Observing people interacting with your product or service is the best way to gather insights for improvement.

OK, got it. Pay attention time.

Here is what I was seeing:

Observation: Majority of users are running into dead ends.

Finding: All of the “obvious” signals we added…are not so obvious to them.

That’s not so bad…we can fix that. So what’s next on the list of basics…

While running a moderated usability test, you need to ask the question and then just listen. You have two ears and one mouth for a reason.

Right. But I still totally want to tell them where to go and what to use to get through this level, I mean it’s right there…but I get it, I can’t be shipped with the game to help them get through it. Fine.

Here is what they are telling me:

Quote: “Game play is not intuitive at all. This is really complicated”

Finding: This level does not clearly introduce the basics of the game to help the player understand what to do.

Sweet! We were talking about adding a few levels that only used the simple mechanics anyway. This totally solidified that. Next song!

You are not the user. You are not the user. You are not the user. Got it yet?

But I play this type of game all the time! So I’m the perfect user. I know what is good and what is bad and…….wait. I…

  • prefer certain things
  • have very specific opinions

I get it now. I don’t represent all game players in this genre. If anything, I am an advanced player type in this genre.


Here is what was happening:

Task Completion Rate: 9 out of 10 players failed to get past the first puzzle.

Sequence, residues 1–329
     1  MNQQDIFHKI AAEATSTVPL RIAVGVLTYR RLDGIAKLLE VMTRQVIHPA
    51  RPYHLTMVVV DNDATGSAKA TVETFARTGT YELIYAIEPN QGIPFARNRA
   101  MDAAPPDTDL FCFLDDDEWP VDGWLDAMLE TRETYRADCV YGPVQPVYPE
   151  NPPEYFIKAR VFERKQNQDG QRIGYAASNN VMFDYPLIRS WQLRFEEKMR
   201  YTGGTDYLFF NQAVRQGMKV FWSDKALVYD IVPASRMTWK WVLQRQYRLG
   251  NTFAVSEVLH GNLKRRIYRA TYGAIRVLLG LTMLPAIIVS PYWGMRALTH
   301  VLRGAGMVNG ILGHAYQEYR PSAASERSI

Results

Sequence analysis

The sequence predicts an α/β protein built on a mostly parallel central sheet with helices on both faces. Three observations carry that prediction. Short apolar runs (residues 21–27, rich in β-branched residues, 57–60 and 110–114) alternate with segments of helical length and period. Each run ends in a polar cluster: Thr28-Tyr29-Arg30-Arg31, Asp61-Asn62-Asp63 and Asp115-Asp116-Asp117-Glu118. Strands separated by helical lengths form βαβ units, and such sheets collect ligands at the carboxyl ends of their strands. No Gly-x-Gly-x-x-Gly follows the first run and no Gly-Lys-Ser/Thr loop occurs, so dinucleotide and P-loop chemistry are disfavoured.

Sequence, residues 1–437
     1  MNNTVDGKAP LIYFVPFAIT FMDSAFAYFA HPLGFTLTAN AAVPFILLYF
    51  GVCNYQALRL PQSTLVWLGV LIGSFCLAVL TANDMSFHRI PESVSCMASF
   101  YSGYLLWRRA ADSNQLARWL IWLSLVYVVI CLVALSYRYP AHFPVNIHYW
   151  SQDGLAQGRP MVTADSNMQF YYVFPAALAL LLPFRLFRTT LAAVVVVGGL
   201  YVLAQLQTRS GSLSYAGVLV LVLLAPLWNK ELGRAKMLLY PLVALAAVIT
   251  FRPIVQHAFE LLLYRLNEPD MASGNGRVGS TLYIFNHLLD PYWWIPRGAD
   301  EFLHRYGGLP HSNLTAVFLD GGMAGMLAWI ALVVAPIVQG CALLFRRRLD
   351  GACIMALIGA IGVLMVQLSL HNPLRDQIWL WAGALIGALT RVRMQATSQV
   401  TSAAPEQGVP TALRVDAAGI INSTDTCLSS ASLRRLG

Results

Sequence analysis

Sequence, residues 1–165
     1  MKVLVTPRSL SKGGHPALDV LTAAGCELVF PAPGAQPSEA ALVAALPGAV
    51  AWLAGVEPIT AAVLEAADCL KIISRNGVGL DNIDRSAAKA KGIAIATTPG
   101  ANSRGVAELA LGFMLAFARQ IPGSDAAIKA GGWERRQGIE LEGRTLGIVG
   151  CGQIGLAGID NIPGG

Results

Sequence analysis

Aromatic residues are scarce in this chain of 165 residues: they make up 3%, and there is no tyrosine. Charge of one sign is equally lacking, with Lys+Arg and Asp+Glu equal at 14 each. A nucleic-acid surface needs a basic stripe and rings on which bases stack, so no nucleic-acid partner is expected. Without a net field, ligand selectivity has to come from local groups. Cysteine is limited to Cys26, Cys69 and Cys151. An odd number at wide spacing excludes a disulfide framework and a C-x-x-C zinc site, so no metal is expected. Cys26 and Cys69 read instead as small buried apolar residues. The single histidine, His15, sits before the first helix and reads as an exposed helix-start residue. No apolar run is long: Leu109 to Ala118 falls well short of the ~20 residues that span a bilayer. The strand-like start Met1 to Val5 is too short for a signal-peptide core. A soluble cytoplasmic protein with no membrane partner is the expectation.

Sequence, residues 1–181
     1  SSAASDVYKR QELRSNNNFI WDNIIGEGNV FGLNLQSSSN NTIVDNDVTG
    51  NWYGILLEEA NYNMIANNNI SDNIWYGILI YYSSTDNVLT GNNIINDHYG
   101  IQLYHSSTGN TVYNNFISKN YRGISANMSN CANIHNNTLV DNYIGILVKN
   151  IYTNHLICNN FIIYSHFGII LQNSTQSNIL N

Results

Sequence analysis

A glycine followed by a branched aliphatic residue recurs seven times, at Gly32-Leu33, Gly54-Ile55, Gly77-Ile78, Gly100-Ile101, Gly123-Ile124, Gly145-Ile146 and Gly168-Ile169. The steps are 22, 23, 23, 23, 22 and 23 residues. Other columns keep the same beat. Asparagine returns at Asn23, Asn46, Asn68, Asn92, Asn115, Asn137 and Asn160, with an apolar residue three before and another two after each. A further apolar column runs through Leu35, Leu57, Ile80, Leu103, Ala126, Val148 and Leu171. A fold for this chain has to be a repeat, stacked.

Finding: The first puzzle requires many sequential steps to complete and there is no indication that a step has been missed.

Hmmm. This might take a little more thinking power, but I can take this back to the level designers and I’m sure we can figure out something.

Sometimes you learn more from failure than from success.

“Challenge Accepted!” -Barney Stinson

OK, I got this.

At this point I was feeling a little better about the sessions and how I was going to approach management with our insights. And although it wasn’t going to be as awesome, I was starting to formulate a new, more thought through plan that would help us make a better game.

Here are some of the things the new plan would include:

1 — Control Usability Debt during development

  • Use common patterns first…experiment later
  • Everything added to the game should add value to the player
  • K.I.S.S

2 — Facilitate monthly feedback sessions with each of our player Personas

  • Game Mechanics
  • Levels
  • Updates/Fixes

3 — Capture UX measurements and metrics to improve the Usefulness, Usability, Learn-ability and Desirability

  • Task Completion
  • Satisfaction Ratings
  • SUM
  • SUS
  • NPS

and the most important of them all:

4 — Stay objective (You are not the user)

Have usability testing bruises you want to show off? Respond with your stories below.

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Mat Winegarden

Product manager at Handrail. Sometimes I have ideas...other times I am brilliantly late to the party.